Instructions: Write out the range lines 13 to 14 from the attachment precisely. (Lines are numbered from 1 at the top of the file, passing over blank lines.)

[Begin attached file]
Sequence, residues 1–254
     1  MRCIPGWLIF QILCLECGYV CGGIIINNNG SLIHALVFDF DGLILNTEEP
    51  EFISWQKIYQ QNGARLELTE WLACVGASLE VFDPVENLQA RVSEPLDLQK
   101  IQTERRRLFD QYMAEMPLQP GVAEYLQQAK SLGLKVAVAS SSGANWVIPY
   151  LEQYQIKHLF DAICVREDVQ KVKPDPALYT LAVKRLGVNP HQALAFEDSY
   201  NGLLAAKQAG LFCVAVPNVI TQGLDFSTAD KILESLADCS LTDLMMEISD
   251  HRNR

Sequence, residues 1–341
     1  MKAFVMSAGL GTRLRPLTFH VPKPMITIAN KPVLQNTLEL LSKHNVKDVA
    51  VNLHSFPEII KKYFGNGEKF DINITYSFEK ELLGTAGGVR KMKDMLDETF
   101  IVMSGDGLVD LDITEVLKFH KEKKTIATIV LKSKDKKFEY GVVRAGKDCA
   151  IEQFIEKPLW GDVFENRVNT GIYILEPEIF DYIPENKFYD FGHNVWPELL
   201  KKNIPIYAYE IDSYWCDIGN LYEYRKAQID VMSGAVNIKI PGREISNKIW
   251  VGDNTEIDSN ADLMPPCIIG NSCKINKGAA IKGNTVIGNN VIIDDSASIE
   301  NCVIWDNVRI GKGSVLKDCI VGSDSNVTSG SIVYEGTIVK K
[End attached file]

   201  KKNIPIYAYE IDSYWCDIGN LYEYRKAQID VMSGAVNIKI PGREISNKIW
   251  VGDNTEIDSN ADLMPPCIIG NSCKINKGAA IKGNTVIGNN VIIDDSASIE